Have you ever really needed to pee before? Not in an “I can make it through the McDonald’s drive-through and go at home” type, but more of a “my mind might shatter, my bladder will splatter, oh my goodness my urethra’s in tatters” variety? When faced with the latter scenario, it would usually be prudent to make a restroom trip a number one priority, but The Smashing Pumpkins had me putting that trip off one song after another, with one of the greatest live sets I have ever seen.
The Pumpkins’ “Shiny and Oh So Bright” tour finally made its anticipated stop in Denver on Sept. 5, arriving with the reunion of original guitarist James Iha, drummer Jimmy Chamberlin and – of course – the master of pumpkin destruction himself, mister William Patrick Corgan. The Pepsi Center was rife with ’90s spirit as I and many others donned the ceremonial flannel and jeans and filed into the arena. Many people could have been mistaken for being an extra from “The Matrix.”
The lot of us were greeted with an expansive setlist of 32 songs destined to please fans who aged with the group through the 90’s, plus younger fans like myself who grew up with an idealized version of the band. The nearly three and a half hour show consisted of their earliest material to the newest single, with a handful of covers to boot.
Speaking of boots, the show literally kicked off in an unexpected fashion. Corgan took his place as the commander-in-chief of the stage with a single guitar to open with the emotion-driven “Disarm”. He sported a long silver skirt, a jacket with a crossed out zero and large pit-stomping goth boots. Behind him was a large screen displaying animated photos of Corgan as a child, relating to the narrative of the song, as well as showing the beginnings of our holy grunge god.
Billy’s ego and religious imagery took center stage during the production, with the concert seeming to follow the narrative of the rising musical figure from boy to godhood. This theme fit snug with a setlist that trekked through the group’s legendary career, along with a stage set featuring platforms and architecture seemingly lifted out of the classic 1927 film “Metropolis.”
Corgan’s wardrobe also had an ever-exciting function, as he would exit at key moments through this narrative progression to return in lavish outfits. These included a white showman’s suit complete with a liftable ranch hat with impressive volume and luxurious regal robes making it look as if Varys from Game of Thrones had taken his place on stage. (One bald joke is appropriate, right?)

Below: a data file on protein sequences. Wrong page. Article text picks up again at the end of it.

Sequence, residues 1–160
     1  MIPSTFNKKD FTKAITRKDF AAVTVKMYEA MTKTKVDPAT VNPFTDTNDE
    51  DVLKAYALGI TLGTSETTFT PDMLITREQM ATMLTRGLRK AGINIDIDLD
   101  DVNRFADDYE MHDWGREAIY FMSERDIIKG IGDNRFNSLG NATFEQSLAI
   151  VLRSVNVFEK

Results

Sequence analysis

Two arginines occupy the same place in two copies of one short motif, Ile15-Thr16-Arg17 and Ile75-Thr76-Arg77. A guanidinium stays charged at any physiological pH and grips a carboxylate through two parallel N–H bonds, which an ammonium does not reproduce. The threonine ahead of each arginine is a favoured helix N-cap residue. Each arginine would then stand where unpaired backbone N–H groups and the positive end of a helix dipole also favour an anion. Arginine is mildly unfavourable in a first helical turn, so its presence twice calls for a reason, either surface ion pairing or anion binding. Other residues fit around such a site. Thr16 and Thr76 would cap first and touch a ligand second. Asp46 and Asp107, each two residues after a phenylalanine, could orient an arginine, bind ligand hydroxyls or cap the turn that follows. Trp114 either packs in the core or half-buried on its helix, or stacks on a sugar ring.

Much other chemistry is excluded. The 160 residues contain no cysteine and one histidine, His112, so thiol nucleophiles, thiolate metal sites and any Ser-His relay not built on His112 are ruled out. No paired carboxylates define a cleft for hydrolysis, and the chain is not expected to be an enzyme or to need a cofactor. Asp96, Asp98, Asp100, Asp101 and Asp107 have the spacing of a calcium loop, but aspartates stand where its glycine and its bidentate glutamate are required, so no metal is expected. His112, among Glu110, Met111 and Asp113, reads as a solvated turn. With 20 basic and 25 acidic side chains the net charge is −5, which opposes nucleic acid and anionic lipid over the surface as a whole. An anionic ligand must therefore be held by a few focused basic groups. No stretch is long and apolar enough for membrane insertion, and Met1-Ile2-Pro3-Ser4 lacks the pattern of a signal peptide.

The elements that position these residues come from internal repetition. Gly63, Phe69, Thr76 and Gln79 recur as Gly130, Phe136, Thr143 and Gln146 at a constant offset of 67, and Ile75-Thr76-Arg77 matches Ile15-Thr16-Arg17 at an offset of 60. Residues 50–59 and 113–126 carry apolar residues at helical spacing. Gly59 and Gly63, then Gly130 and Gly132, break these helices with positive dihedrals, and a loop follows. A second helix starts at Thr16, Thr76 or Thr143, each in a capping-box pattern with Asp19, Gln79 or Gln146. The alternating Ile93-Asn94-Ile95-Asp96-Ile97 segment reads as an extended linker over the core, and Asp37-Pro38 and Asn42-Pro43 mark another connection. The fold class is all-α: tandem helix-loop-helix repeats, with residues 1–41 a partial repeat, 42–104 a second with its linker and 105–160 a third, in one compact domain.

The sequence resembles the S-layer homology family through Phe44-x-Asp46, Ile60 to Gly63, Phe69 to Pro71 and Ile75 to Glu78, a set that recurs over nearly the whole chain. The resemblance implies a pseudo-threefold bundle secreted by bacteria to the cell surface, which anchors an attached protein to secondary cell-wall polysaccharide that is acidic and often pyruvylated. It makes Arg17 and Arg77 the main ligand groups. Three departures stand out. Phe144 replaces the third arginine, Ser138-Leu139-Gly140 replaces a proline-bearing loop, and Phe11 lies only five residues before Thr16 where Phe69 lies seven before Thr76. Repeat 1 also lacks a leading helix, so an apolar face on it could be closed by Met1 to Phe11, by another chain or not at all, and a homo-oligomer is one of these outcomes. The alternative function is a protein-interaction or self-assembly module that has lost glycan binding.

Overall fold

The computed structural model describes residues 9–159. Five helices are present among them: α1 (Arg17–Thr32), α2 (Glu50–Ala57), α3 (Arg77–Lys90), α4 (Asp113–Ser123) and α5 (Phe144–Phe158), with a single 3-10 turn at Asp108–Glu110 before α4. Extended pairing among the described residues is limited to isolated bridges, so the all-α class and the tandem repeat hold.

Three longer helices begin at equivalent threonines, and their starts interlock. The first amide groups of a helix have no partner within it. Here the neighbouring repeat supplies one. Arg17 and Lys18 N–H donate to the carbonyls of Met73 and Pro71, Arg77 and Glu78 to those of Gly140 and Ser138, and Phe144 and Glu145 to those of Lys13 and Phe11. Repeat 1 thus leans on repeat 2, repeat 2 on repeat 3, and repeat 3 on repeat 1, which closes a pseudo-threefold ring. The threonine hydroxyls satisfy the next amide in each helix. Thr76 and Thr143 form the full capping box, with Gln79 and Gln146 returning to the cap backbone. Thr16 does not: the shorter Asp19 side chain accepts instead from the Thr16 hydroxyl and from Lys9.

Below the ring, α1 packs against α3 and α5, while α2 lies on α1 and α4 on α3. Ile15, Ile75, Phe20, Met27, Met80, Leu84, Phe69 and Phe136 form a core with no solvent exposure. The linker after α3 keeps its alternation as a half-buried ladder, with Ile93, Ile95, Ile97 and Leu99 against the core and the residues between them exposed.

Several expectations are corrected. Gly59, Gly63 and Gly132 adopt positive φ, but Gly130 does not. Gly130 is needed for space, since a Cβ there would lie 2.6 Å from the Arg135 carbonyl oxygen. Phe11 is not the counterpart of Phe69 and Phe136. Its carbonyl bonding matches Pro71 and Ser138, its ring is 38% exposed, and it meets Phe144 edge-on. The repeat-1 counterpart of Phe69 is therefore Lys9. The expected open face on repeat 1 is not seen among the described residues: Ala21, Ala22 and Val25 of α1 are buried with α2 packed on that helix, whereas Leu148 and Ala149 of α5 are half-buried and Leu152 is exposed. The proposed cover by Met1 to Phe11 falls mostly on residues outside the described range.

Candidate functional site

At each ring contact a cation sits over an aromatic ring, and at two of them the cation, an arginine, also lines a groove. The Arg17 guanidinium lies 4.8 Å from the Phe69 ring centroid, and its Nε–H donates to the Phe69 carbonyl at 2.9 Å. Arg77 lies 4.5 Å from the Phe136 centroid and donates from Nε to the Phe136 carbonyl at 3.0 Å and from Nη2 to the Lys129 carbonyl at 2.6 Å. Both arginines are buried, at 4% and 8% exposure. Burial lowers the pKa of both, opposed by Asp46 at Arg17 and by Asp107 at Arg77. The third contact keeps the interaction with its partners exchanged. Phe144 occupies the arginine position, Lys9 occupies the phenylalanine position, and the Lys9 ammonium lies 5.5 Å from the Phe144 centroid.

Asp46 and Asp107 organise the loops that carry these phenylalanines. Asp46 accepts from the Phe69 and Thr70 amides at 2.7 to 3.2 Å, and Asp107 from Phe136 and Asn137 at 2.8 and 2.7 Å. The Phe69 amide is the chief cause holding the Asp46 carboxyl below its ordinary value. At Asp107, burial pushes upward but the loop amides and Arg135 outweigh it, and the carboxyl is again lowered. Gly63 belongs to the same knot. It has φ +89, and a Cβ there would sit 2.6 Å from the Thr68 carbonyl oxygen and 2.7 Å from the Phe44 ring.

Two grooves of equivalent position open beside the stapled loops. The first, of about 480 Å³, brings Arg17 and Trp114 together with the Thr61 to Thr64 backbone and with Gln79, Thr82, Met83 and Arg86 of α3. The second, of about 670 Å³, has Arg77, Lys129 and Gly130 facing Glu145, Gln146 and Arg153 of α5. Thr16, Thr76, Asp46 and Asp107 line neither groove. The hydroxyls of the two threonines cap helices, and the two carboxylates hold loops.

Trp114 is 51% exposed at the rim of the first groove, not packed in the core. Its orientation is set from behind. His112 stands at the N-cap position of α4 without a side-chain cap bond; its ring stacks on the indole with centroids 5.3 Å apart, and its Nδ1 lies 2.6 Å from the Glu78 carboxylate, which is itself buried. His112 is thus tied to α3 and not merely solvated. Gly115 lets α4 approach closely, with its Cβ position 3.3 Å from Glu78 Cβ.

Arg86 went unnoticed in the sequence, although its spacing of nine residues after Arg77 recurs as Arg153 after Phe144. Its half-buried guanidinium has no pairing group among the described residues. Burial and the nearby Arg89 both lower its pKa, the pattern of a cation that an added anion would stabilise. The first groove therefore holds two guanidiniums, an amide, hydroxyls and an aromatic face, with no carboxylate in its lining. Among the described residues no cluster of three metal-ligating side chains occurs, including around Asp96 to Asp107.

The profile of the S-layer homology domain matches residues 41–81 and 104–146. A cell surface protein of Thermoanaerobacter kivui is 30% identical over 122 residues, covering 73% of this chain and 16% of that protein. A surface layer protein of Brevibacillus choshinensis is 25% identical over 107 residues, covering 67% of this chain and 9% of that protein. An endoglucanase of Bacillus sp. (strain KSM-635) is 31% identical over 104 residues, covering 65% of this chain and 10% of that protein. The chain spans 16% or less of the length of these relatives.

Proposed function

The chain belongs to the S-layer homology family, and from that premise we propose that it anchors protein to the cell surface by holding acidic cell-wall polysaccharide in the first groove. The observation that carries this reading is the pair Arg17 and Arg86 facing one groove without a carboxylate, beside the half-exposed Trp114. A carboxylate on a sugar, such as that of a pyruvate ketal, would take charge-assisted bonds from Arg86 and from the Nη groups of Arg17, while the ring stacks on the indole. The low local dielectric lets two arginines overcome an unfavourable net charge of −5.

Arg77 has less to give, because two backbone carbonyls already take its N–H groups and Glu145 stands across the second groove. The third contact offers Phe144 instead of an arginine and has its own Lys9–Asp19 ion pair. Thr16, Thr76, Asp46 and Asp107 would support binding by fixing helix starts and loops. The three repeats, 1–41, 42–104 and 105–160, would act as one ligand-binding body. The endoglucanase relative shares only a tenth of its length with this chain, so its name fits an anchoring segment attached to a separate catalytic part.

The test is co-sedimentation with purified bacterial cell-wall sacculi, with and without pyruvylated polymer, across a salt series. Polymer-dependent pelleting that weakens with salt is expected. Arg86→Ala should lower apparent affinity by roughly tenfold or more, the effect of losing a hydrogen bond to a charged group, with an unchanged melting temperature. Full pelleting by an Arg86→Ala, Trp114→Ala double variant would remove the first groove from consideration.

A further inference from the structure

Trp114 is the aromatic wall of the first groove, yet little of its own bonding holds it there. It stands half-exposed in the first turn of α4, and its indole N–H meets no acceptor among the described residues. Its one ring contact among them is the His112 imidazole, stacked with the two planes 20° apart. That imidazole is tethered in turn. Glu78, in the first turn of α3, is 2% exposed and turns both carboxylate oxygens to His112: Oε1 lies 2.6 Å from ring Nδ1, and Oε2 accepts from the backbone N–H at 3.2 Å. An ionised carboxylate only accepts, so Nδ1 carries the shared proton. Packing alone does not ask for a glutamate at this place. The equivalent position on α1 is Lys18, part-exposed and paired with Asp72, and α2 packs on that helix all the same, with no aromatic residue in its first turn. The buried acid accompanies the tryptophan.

However, elaborate stage sets, costumes, a meta-narrative and a long-anticipated reunion wouldn’t add up to all that much if there wasn’t well-performed music to tie these threads together. But my GOD. This music was absolutely outstanding.
I had no idea what Commander Corgan did to this group behind the scenes in rehearsals, but this band brought absolute vibrancy and radiation into each rendition of the 32 songs. James Iha brought vivid and lively guitar work featuring impressive solos and tightly played riffs, and the same goes for guitarist Jeff Schroeder. Jimmy Chamberlin’s percussion playing was remarkable, never missing a beat in sweeping and differing tempos with catchy fills and talent-laden solos. Jack Bates brought impressive bass work to the table, laying down a thick tapestry for the music to build from in addition to delicious grooves that were audible in the mix. To top it all off, Katie Cole delivered atmospheric backing vocals and keyboards that added a gorgeous and serene layer of polish to every moment she performed in.
But of course, I would be remiss to not mention music master William Patrick Corgan himself. Throughout the three hour show, it was as if he stepped out of every album to deliver beautifully sung chorus and intense Corgan brand nasally screams that only wavered ever so slightly at the tail end. Even with incredible guitarists at his side, he proved himself a master showman, with guitar wizardry worthy of a deity based narrative.
These musicians all worked together to near perfection and each song somehow brought their studio recorded versions to life, each imbued with radiant musicianship. Classics like “1979” and “Cherub Rock” lured the stadium into energetic sing-a-longs. The epic “Porcelina of the Vast Oceans” was given expert care, with an expanded guitar solo by Corgan that left my mouth agape until the introductory notes of Fleetwood Mac’s “Landslide.”
This tune was joined by covers of the late David Bowie’s “Space Oddity” and Led Zeppelin’s classic “Stairway to Heaven”. Each one of these selections is difficult to do justice, but this group proved they were more than up to the task while giving a unique and engaging twist that only they could.
This concert brought not only a “once in a lifetime” quality to justify the ticket purchases of all present fans, but stands as a testament to what can be achieved with a dedication to an artistic vision. I cried. I forgot I had to pee. It made me happy to be alive.
If you are a fan of the Pumpkins, live music or the effect of art on the human experience, go and see this show. Is it three states away? Buy the plane ticket. Don’t have the money? Sell the house. Just take an evening to live and see just what is shiny and oh so bright.
You can contact CU Independent Arts Writer Alum Austin Willeke at Austin.Willeke@colorado.edu